What Happens After Appealing?
If decide that it would be within your business’s best interest to contest alleged OSHA violations, you must file an appeal within 15 working days of receiving the citation. Appeal forms are available at www.osha.gov, and only appeals recorded in writing are accepted. If you file after the 15-day period, your citation becomes final order and it will not be subject to review.
The case will be forwarded to the Occupational Safety and Health Review Commission, which is an independent agency that is not associated with OSHA or the Department of Labor, and therefore is not bound by any terms of the original citation. Nothing will happen until your case is docketed, meaning it is assigned a case number and an Administrative Law Judge (ALJ). You may not receive your docketed appeal packet for several months after your decision to contest the citation. Your case will then be settled in one of two ways:
- You may reach a settlement in a pre-hearing conference. This conference will be your best opportunity to dispute the citation without having to go through a formal hearing. If there is still a dispute after you speak with the OSHA area director about your citations, the judge will join the conference to mediate and try to reach a resolution.
- You may go through a formal hearing process if neither party is willing to compromise and reach a settlement beforehand. However, be aware that since the ALJ is not connected with the DOL, he or she could reverse the OSHA citation or could find additional penalties or violations apart from the original citation. Be cautious when presenting evidence and facts to support your case—the ALJ could catch something the OSHA officer did not, costing you more money. If the decision is reversed in your favor, you can petition to have the costs of the hearing covered as well.
Fortunately for employers, both options are likely to result in fine reductions or removal. According to an analysis by Risk Management Magazine, informal conferences typically result in an average penalty reduction of 49 percent, and about 7 percent are removed entirely.
While there are clear benefits to requesting an informal conference or formally contesting any citations, employers should make sure they go into these meetings prepared. By presenting a compelling case, there is a good chance any penalties can be reduced or completely removed from the record.
Options After a Lost Contestation
If the decision in the formal hearing does not go your way but you still believe the OSHA citation was unjust, you also have the option to appeal the initial hearing. You must file for reconsideration within 35 days of receiving the written decision from the ALJ. In order to be granted a reconsideration hearing, your appeal must be based on your belief in one or more of the following:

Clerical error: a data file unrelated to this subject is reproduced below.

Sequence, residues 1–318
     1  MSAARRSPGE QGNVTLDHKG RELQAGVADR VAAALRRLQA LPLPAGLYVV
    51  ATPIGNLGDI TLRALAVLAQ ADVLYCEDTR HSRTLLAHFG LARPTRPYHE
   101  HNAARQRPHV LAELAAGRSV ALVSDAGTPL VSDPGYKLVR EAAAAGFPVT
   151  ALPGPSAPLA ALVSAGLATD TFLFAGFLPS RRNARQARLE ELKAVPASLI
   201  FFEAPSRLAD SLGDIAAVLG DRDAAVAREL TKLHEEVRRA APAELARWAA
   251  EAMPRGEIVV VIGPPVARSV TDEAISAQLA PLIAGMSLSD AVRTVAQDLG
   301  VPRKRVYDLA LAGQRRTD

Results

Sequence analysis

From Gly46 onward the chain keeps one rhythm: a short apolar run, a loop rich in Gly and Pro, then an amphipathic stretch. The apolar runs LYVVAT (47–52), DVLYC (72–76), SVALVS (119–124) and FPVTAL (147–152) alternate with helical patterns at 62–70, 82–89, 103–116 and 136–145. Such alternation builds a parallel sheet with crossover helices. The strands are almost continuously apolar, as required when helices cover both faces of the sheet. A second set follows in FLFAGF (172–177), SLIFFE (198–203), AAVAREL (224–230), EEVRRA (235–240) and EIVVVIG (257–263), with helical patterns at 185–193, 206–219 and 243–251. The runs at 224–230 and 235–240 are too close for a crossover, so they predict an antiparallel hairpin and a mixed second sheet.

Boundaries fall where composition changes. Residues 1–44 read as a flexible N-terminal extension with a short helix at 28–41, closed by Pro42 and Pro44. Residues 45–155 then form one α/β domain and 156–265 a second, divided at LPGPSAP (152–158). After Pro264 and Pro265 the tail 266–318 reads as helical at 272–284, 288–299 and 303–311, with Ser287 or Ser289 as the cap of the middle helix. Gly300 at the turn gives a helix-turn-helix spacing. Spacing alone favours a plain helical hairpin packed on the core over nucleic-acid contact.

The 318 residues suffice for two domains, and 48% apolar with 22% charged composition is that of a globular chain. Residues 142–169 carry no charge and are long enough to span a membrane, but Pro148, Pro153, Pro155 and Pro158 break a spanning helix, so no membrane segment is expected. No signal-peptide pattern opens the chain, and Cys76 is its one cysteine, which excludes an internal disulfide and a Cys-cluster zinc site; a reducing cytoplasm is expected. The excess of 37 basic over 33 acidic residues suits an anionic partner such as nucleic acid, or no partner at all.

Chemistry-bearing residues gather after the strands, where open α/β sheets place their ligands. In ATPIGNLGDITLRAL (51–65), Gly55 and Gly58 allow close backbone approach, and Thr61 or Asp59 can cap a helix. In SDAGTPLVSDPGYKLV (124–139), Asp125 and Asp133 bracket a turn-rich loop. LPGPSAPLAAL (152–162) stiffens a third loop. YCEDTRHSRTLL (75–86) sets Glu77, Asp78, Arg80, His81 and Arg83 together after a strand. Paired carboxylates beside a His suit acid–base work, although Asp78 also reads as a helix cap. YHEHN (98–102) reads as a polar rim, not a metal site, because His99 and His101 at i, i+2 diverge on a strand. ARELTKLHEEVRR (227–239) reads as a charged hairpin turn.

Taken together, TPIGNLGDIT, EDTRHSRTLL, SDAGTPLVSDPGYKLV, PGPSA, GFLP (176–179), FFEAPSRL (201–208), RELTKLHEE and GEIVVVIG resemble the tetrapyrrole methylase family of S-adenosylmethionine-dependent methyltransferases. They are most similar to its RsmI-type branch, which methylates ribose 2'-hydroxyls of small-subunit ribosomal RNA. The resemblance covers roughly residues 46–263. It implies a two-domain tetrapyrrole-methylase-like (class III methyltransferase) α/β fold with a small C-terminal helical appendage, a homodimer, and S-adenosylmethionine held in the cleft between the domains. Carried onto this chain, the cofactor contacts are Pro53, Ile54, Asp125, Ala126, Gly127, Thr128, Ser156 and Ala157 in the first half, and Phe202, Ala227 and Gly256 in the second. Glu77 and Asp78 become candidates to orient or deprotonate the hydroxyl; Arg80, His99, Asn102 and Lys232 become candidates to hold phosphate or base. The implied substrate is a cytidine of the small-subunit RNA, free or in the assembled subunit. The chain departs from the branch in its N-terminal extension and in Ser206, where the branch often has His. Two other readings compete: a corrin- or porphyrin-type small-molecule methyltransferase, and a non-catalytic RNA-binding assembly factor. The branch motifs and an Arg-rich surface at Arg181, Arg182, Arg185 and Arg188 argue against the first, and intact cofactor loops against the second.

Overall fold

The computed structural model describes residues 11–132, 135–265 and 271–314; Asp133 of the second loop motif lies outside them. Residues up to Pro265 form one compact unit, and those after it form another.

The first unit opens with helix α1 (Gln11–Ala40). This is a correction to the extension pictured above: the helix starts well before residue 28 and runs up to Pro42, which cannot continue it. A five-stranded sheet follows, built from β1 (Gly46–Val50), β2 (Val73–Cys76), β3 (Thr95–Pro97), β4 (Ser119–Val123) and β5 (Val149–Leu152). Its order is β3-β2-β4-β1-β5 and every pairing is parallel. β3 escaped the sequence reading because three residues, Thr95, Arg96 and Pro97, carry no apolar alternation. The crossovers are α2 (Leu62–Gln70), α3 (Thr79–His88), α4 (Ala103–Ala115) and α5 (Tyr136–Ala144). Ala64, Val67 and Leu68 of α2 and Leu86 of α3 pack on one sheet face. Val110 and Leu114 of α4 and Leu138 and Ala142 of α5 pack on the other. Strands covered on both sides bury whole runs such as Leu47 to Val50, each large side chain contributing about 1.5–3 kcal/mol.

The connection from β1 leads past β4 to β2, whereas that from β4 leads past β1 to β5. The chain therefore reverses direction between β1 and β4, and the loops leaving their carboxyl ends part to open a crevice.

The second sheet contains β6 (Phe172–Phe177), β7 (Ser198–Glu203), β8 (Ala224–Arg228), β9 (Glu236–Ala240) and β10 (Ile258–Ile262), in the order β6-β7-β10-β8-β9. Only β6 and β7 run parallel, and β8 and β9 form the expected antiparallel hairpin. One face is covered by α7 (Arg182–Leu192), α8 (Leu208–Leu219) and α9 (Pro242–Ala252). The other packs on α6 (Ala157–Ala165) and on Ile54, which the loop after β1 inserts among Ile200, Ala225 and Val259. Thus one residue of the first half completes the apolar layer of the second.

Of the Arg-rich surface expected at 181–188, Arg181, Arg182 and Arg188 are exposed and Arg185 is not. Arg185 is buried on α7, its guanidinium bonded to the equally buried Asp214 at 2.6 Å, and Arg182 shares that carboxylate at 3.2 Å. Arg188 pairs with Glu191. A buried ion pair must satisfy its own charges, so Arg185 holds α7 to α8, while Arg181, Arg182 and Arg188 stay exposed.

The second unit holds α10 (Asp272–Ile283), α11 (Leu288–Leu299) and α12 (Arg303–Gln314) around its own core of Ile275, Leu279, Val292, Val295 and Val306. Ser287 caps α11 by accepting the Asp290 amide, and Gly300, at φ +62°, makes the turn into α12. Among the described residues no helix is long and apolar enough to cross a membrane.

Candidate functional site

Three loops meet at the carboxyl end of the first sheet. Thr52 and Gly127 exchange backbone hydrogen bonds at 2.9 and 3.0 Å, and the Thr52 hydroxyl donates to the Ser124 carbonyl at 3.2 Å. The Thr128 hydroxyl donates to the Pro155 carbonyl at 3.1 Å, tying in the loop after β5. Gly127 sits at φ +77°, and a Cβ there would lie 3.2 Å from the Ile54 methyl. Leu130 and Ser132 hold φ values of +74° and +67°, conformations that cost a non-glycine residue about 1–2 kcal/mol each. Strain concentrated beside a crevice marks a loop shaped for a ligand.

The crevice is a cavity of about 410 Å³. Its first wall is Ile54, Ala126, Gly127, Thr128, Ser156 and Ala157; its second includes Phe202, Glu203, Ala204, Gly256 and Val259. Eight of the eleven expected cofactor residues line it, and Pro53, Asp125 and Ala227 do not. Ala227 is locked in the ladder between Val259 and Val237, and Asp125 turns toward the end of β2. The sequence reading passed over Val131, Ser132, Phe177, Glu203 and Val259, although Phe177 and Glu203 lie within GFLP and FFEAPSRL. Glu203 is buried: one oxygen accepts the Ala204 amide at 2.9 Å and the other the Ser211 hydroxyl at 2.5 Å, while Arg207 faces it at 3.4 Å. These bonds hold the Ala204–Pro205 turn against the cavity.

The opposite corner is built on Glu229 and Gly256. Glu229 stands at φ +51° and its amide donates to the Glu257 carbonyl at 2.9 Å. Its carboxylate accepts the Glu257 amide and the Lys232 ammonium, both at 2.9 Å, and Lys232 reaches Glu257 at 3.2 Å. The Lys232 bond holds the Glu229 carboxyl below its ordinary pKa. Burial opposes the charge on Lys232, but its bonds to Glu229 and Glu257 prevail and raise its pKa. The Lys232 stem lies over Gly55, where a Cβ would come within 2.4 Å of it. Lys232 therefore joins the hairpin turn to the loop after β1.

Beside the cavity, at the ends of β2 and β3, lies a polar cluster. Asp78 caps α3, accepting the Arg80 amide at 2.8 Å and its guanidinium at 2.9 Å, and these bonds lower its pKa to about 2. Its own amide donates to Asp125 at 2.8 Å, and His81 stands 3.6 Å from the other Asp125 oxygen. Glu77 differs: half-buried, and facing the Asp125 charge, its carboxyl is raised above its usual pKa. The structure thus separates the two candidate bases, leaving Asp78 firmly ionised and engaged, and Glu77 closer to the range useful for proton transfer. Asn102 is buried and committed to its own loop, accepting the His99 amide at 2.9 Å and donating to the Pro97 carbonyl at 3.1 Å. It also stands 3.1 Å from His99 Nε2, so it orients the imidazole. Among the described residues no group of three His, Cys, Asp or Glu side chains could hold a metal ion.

- The ALJ acted in excess of his or her powers
- The decision was procured by fraud
- The evidence presented did not justify the finding
- You discovered new material evidence that could not have been produced at the time of the hearing
- The findings do not support the decision
Contesting a Granted Abatement Period
Employers that think the OSHA area director did not grant enough time to fix safety or health issues that lead to a citation are able to file a Petition for Modification of Abatement (PMA). Unlike an appeal of an OSHA citation, you can file a PMA with your OSHA area director even after the 15-day contest period has expired. Simply submit a written statement (including the steps you have taken to correct the problem), additional time you need to fix it and why, steps you will take in the meantime to keep employees safe, and evidence that the citation was posted in the workplace. The PMA will then be granted or denied by the OSHA area director. If granted, be aware that monitoring OSHA inspections may occur in the meantime. If denied, your citation automatically becomes a contested case and you should refer to the above sections.
Note that though these guidelines apply to most employers across the country, the appeals process in states with their own OSHA-approved plans may have a slightly different system for review of appeals, penalties and abatement periods. Before contesting your OSHA citation, be aware of the specific laws in your state.